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First global aid cut in 14 years will cost lives

4th Apr 2012

Hundreds of thousands of poor people will go without life-saving medicines and many more children will miss out on school because of the first cuts in global aid since 1997, Oxfam warned today as the OECD published its annual report showing how much donors give to poor countries.

Oxfam said the figures showed the importance of the UK sticking to its commitment to meet the target of giving 0.7 per cent of national income in aid next year. The OECD's figures show a surprise fall in UK aid of $100m in real terms or 0.8 per cent between 2010-11.

Aid from rich countries was $133bn in 2011 - a real terms fall of $3.4bn.  Aid as a share of national income fell from 0.32 per cent to 0.31 per cent leaving rich countries as a group even further off-track to meet their 0.7 promise.

It is estimated that $1330 in aid is enough to save a child's life. Oxfam calculates that the missing $3.4bn would be enough to provide a full year treatment for half of the children infected with HIV.

Norway, Denmark and Luxemburg continue to meet their pledge to give more than 0.7 per cent of national income in aid, the UK remains on track to meet the target by 2013 and Germany, Australia and Sweden have increased their aid budgets.

Max Lawson, Oxfam Head of Policy, said: "This cut in aid is a global scandal. Rich countries are using the economic crisis as an excuse to turn their backs on the world's poorest at a time when they need help the most.

"It is more important than ever that the UK sticks to its promises. We are surprised and concerned the Government allowed aid to fall slightly last year. We have given our word to the poorest people in the world, it is vital that we keep it.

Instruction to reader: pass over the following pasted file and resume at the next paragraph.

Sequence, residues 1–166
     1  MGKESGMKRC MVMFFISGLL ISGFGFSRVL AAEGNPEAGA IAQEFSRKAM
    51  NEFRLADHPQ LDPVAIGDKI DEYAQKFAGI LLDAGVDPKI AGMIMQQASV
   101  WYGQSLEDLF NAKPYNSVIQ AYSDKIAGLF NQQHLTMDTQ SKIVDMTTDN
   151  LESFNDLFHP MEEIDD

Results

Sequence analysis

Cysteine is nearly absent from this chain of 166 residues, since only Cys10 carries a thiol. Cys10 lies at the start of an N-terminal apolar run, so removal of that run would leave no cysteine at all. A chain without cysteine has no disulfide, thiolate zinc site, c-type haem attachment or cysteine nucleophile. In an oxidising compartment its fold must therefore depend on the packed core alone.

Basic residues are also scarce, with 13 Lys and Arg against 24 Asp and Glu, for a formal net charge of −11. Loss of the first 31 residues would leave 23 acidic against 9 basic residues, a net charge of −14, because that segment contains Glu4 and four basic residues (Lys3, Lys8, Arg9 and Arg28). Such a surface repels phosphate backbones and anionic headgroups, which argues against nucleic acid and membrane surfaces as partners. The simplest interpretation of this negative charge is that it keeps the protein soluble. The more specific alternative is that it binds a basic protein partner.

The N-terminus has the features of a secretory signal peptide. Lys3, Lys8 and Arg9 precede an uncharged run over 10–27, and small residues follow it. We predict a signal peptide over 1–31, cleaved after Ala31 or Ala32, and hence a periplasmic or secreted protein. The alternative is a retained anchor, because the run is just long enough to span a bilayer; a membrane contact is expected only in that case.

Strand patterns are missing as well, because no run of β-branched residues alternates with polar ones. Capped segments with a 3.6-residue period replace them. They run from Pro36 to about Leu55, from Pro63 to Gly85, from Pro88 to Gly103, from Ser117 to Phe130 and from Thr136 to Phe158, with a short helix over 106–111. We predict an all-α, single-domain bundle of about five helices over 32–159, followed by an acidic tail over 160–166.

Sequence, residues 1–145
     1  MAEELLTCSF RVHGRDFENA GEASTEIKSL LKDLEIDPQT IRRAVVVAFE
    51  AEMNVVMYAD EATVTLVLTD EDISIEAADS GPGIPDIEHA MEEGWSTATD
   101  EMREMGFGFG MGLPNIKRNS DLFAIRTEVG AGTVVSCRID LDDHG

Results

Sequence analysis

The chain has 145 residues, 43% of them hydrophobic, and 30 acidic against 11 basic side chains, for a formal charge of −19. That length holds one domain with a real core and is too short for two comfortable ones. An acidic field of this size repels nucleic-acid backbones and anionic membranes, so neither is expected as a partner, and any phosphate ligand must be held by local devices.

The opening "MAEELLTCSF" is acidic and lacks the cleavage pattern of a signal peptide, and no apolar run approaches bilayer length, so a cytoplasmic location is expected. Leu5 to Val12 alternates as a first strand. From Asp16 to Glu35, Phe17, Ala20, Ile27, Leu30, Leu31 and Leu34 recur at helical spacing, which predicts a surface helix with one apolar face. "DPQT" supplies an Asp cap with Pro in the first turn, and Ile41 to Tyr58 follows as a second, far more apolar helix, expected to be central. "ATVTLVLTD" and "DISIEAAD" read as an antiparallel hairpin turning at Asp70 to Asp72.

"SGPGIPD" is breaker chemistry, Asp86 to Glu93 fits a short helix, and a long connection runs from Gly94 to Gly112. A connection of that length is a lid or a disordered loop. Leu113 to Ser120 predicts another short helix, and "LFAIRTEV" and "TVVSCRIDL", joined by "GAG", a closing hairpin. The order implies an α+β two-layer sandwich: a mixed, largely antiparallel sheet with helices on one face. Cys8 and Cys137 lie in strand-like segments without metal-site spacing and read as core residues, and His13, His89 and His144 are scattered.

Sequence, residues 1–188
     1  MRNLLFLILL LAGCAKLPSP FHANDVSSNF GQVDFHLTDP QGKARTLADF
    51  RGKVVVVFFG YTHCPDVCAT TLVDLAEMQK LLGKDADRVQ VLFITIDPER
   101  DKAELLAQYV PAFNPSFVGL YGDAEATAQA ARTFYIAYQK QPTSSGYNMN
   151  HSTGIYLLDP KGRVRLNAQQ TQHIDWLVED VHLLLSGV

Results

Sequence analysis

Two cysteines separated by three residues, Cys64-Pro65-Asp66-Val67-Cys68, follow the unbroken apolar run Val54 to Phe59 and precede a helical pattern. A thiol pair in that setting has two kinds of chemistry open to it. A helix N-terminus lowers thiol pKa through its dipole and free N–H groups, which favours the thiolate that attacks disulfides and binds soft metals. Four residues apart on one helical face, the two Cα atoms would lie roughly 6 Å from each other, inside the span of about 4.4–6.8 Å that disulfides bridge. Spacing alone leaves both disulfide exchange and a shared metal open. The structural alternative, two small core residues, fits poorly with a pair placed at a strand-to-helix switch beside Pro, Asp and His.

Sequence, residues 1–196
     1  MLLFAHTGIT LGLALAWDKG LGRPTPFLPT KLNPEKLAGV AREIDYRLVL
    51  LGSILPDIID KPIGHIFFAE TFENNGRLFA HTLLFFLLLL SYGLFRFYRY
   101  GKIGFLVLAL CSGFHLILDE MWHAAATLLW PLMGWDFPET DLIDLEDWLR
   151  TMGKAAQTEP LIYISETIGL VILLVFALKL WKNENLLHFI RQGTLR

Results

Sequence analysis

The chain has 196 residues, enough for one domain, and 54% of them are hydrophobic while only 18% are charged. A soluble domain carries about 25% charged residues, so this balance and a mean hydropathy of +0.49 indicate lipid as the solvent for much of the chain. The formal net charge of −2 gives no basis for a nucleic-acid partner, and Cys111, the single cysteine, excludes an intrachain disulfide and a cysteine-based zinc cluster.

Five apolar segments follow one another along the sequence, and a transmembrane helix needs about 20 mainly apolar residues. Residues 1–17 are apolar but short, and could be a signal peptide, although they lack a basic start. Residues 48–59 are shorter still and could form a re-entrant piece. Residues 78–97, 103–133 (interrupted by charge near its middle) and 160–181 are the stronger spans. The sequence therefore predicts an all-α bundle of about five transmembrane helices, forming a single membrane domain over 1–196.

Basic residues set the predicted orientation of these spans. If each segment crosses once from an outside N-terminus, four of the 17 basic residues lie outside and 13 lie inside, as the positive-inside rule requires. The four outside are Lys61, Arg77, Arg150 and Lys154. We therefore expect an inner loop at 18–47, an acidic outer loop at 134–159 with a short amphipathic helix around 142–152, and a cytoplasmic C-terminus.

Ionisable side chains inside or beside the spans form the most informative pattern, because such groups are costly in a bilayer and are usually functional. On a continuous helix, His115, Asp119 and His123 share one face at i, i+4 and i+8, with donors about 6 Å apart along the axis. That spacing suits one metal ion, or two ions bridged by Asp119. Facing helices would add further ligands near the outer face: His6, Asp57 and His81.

"Cutting aid is no way to balance the books. Even small cuts in aid cost lives as people are denied life-saving medicines and clean water. Aid is such a tiny part of budgets that cutting it has no discernable impact on deficits - it is like cutting your hair to lose weight."

Aid also places a vital role in providing the educated, healthy workforce, infrastructure and support for entrepreneurs that is vital to economic development.

At $133bn, total global aid spending is dwarfed by rich countries' $1trillion annual military spend and is less that is spent worldwide every and is less than a third of the $400bn that is spent worldwide every year on cosmetics. UK aid amounts to less than a quarter of military spending.

The biggest cuts were made by Greece and Spain, with Austria, Belgium and Japan also slashing aid budgets. And the picture is even bleaker than shown by these figures with Spain, Canada having already announced further aid cuts and the Netherlands, which currently exceeds the 0.7 per cent target debating further cuts.

Oxfam said the ability of some countries meet their commitments and increase aid showed that cutting aid was usually a political choice rather than an economic necessity. It called on rich countries to act urgently to reverse cuts and deliver on their promises to the world's poorest.

Lawson said: "Countries such as Spain, the Netherlands and Canada which are making severe cuts in their aid need to consider the human cost and immediately reverse their decisions.

"If future aid cuts are to be averted we also need rich countries like Italy, Japan and the US who currently give only a tiny proportion of their incomes, to do more to help the poorest." 

Failure of governments to meet their commitments to the world's poorest comes in stark contrast to the $18 trillion found to bailout the world's financial sector in the wake of the 2008 crisis.

The World Bank has said that tens of millions of people have been pushed into extreme poverty by the economic crisis.

Oxfam is calling for a Robin Hood Tax on financial transactions to help poor people hit by the economic crisis. The EC has proposed a Europe-wide financial transaction tax (FTT) that would raise €57bn-a-year.

Lawson said: "Governments have shown that they can find large sums of money to bail out banks but with notable exceptions - Denmark, Norway and the UK - most are failing dismally to find much smaller sums for the world's poorest people."

Contact:  Jon Slater +44 (0)7876 476403/
Note to editors:  Although aid reported by the OECD fell in 2007, this was due to exceptional debt relief for Nigeria and Iraq in previous years. This is therefore the first real fall in aid since 1997.